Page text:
By David Sabino
April 03, 2008

For the debut installment of Diamond Digits let's look at some curious statistical feats from 2007 and some early-season oddities for 2008.

Manny Ramirez's rigorous offseason training program immediately paid dividends in Boston's two-game series in Japan. Ramirez collected three hits in nine at bats, including one home run and five RBIs and posted an .889 slugging percentage. This is a great sign for Ramirez who rededicated himself over the winter after his worst season as a major leaguer. He's already well on his way to smashing last season's sluggish start when he hit .202 with only three home runs and 13 RBIs in March and April.

In Tokyo, one of the world's most hi-tech cities, Red Sox captain Jason Varitek showed no juice, taking an old fashioned collar in the two-game series and striking out six times in eight at-bats. Luckily for Boston, their captain gets a few more exhibition games to hammer out his troubling lack of contact.

How good was Padres pitching last season? Bud Black's 2007 staff became the first team since the 1992 Braves to total 20 shutouts in a year. But while those Braves got 14 complete game shutouts from Tom Glavine (5), John Smoltz (3), Steve Avery (2), Charlie Liebrandt (2), Mike Bielecki (1) and Pete Smith (1), the '07 Pads didn't have a single pitcher go the distance in a shutout, becoming the first staff in history to reach 20 shutouts without a complete game blanking. The Padres lone complete game of any sort was provided by Greg Maddux, who had a shutout for 8 1/3 innings on May 14 until a Ken Griffey Jr. sacrifice fly gave Cincinnati it's only run in a 5-1 loss. It was Maddux's 109th complete game of his career but his first since 2005, a span of 42 starts.

Managers facing the new-look Rays take heed. Don't pitch to Carlos Pena during daylight hours. Of Pena's team-record 46 home runs last season, 22 were hit in day games and 24 were hit at night. That seems to be an even split until you realize that his daytime output came in just 141 at bats, compared to 349 at bats at night. In fact Pena's 6.41 daytime at-bats per home run ratio was of historic proportions. In baseball history only Barry Bonds in 2001 (5.88; 26 HR in 153 at bats) and Mark McGwire in 2000 (6.15; 13 HR in 80 at bats) had better seasons of power production under the sun.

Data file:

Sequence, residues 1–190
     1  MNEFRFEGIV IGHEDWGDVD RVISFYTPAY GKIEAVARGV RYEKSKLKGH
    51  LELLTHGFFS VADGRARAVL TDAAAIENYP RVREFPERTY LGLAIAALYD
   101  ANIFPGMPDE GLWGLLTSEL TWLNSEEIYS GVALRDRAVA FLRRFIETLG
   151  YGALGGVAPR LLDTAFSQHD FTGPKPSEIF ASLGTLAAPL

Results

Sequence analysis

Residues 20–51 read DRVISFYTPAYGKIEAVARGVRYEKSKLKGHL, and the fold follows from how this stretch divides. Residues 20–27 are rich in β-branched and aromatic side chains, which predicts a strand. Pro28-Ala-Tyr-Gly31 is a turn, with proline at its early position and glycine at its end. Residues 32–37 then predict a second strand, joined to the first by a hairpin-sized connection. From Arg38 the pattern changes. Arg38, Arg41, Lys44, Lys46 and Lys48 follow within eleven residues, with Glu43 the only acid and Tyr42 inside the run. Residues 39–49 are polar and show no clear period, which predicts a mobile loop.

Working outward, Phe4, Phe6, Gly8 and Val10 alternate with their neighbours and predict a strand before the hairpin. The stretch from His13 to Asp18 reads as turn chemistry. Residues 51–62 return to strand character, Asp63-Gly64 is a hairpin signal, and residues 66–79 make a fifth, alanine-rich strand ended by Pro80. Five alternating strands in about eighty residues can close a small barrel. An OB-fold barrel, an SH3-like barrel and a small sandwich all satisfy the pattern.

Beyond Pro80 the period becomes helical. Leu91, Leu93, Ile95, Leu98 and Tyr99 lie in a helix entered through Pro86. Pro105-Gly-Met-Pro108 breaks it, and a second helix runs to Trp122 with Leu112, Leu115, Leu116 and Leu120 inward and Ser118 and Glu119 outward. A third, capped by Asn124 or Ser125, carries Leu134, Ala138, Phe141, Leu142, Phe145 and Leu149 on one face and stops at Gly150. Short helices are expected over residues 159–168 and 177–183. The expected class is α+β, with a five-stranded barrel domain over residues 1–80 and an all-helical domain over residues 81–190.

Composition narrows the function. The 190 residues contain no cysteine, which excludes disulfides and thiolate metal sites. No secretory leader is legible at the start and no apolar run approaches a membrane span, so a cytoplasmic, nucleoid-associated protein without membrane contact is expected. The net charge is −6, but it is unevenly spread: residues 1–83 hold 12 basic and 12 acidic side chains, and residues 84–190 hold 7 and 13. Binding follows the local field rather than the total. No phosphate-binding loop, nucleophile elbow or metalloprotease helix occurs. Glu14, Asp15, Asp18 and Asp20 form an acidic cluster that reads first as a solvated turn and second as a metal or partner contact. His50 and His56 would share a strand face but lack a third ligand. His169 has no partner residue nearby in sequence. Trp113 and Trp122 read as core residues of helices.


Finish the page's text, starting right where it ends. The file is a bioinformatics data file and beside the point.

The prevailing school of thought is that for the Yankees to compete in the AL East, rookie Ian Kennedy must win close to 15 games. The last Yankee rookie to win as many as 15 games in a season was Ron Guidry, who was 16-7 (albeit in just nine starts) for the 1977 World Series champs. Since then the best output for a Bronx neophyte has been the 12 wins that both Andy Pettitte (1995) and El Duque Hernandez (1998) won for their respective postseason teams.

Apparently Tigers catcher Ivan Rodriguez has rediscovered his power stroke this spring. Rodriguez hit just 11 home runs all of last season (and only four at Comerica Park), but popped a Major League-leading eight round-trippers in 53 Grapefruit League at bats. During the 2007 season it took him 272 at bats to reach eight home runs.

Ken Griffey Jr. will reach the most glamorous milestone of 2008 once he hits his seventh home run of the season and becomes the sixth member of the 600-home run club, but that probably won't come for at least a few weeks. Griffey, currently 20th on the alltime RBI list with 1,701, needs to drive in just two runs to pass Reggie Jackson for sole possession of 19th on that list. He didn't make any progress in the season's first two games, going a combined 0-for-7 against the Diamondbacks. That shouldn't be too big a surprise. In his career Griffey is a combined 0 for 12 with no RBIs against Arizona's top two starters, Brandon Webb and Dan Haren, who started those two games for the D-Backs.

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